cells, there are some cells that cannot be identified as a part of sp. entity.

The clump operator examines every cell in a 3 x 3 window to assign to

the same class.

Identifying all ridges via the upstream element map

VIEWSHEDS, SHADED RELIEF, IRRADIANCE

Methods concern the computation of the paths of light between a light

source on the DEM , and its effect at other locations.

Concern with establishing new attributes that refer to the 3D form of the

continuous surface.

Binary variable: 1 – visible, 0- invisible. The collective distribution of all

the ‘true’ points – viewshed.

Practical application.

Soil Erosion Hazard.

S.erosion has been treated as a static process. Each site has been evaluated separately. No

attention to transport & deposition of sediment. Modeled as sets of independent entities

(polygons or pixels). Physically unrealistic.

Erosion as a process, rather than as a descriptor, using a data model of continuous

variation than as an attribute of crisp entities.

The potential erosion for each cell may be computed using the point models.

Then the transport capacity of each cell determines how much of the potentially eroded

soil can be moved to the neighboring cell.

As each cell is TOPOLOGICALLY connected to upstream neighbors it will also receive

sediment. If the amount of received sediment is greater than that discharged, then

deposition. If not – net erosion.

The transport capacity of the network depends on geometrical aspects of landform, and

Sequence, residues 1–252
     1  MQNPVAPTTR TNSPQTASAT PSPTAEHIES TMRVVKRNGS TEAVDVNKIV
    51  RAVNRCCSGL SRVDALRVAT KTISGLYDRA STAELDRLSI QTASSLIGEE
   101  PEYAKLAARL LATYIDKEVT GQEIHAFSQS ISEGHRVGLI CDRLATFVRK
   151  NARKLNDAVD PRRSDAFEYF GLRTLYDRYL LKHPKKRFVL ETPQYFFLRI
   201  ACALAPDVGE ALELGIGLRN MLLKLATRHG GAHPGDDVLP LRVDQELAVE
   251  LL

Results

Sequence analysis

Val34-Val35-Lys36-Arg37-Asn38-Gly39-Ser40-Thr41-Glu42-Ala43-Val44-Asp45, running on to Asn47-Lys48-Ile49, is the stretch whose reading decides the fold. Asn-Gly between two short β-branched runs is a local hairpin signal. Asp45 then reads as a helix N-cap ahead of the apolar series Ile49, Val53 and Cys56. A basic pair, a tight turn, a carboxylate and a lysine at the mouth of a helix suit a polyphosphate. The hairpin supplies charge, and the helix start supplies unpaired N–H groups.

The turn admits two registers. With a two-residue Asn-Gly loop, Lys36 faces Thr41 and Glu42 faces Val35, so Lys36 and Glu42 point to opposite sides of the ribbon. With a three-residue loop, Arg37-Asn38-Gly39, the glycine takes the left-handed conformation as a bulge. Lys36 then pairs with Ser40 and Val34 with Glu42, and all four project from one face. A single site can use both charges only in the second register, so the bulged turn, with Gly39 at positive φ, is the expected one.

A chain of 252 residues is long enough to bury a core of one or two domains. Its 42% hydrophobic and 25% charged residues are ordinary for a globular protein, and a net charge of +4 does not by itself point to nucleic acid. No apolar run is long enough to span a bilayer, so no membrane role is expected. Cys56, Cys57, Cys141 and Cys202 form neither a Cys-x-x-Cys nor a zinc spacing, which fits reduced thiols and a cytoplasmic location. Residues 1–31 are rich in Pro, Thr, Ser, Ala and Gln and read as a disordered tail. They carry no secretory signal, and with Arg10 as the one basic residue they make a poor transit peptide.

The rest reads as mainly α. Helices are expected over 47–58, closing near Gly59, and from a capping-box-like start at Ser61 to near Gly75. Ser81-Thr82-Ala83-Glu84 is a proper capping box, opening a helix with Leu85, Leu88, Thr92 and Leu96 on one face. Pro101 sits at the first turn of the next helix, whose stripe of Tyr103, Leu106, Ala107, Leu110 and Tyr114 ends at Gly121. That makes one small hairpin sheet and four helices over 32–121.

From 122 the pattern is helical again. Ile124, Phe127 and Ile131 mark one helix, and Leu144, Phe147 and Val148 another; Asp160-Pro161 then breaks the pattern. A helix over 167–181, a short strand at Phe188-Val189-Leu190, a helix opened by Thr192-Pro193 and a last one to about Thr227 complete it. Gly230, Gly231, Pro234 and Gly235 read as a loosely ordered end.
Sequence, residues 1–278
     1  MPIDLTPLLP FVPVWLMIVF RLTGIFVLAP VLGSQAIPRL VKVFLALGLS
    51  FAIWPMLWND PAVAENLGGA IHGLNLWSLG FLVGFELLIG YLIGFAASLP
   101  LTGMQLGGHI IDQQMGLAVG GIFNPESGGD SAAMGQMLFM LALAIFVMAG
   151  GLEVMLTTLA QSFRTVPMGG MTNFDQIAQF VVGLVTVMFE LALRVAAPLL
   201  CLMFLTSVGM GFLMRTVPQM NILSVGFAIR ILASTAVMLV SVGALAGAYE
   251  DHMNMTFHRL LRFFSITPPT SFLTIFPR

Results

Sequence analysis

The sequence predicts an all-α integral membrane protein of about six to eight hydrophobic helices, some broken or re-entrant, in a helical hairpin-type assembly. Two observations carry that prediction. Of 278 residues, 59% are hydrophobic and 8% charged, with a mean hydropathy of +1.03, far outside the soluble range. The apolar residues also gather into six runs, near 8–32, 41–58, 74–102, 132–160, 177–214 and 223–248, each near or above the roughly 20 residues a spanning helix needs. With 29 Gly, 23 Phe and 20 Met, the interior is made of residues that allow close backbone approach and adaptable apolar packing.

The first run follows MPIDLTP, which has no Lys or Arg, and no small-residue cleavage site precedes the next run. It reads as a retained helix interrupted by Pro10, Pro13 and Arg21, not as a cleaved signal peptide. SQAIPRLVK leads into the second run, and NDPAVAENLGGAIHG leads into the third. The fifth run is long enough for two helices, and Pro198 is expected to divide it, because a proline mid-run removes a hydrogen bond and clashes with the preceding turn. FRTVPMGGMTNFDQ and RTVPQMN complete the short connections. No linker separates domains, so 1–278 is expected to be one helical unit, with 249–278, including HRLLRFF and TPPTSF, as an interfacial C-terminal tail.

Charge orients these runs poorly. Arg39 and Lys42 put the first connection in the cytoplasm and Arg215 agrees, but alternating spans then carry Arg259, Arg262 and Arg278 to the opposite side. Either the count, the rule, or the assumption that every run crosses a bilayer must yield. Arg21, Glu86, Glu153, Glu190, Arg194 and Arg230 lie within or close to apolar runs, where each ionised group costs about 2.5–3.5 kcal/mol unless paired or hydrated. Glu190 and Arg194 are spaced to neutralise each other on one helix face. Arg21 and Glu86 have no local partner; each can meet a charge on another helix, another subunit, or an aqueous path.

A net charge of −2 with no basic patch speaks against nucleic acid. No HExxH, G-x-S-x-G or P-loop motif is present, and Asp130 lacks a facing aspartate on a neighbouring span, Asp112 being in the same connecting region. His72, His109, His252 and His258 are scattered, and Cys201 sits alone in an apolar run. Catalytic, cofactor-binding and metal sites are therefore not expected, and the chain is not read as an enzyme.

potential and kinetic energy of the water.

Easy to add a transport component once a ldd spatial network has been established, and demonstrates

the deposition in valleys. Never – with the point model.

Highlighting combinations of steep slopes, shallow soils, aggressive water flows – indicate

the location of erosion potential.

LECTURE 6.

Fuzzy Sets & Fuzzy

Geographical Objects.

David O’Sullivan, David Unwin “Geographic

Information Analysis”, chapter 11, pp. 316-356

Peter Burrough, Rachael McDonnell “Principles

of GIS”, chapter 11, pp. 265 – 297

Fuzzy Sets & Fuzzy

Geographical Objects

Lecture outline:

Imprecision as a way of thought.

I’m fuzzy…..

Fuzzy objects.

Operations on several fuzzy sets

Combining fuzzy

boundaries & fuzzy attributes

Fuzzy k-means

Advantages & Disadvantages

Application of fuzzy classification

BASICS

To model geographical phenomena – first necessary to

divide the world either into CRISP ENTITIES or into

CONTONUOUS FIELDS.

These fundamental spatial entities

– points, lines, polygons, pixels – are described by their:

location,

attributes,

topology.

All these statements in conventional logic can have only 2

values: TRUE & FALSE: 0 & 1.

The principles of 2-valued logic.

Lies at the heart of most of mathematics & computer

science.

BASICS

Many geographical phenomena are not simple clear-cut entities.

The patterns vary over many spatial and temporal scales.

Defined by many interacting attributes.

Until recently we had no means in GIS, apart from

statistics, for dealing with entities that are not crispy

defined.

By limiting the rules of logic to binary decisions we limit the

retrieval and classification of data to situations in which

ONLY A COMPLETE MATCH is possible.

In real life we make compromises based on the DEGREE

with which an object meets our specifications.

E.g. House. Rock types, soil/vegetation classes, socio-economic

groupings, decisions in law courts (guilty, not, or not proven),

nationality, even the borders of the nation state

Imprecision

The Law of the EXCLUDED middle and its role in

mathematical proof – of paramount importance in scientific

& philosophical development.

The rules of logic used in PC query languages are based on

EXACT ideas of truth or falsehood.

In environmental data this is not necessarily so…

“He says that he always lies” Neither true nor false. It is a

paradox.

Many users of Geo Info have a clear notion of what they need.

Land users & evaluators.

Imprecisely formulated requests (which areas are under the threat

of flooding?).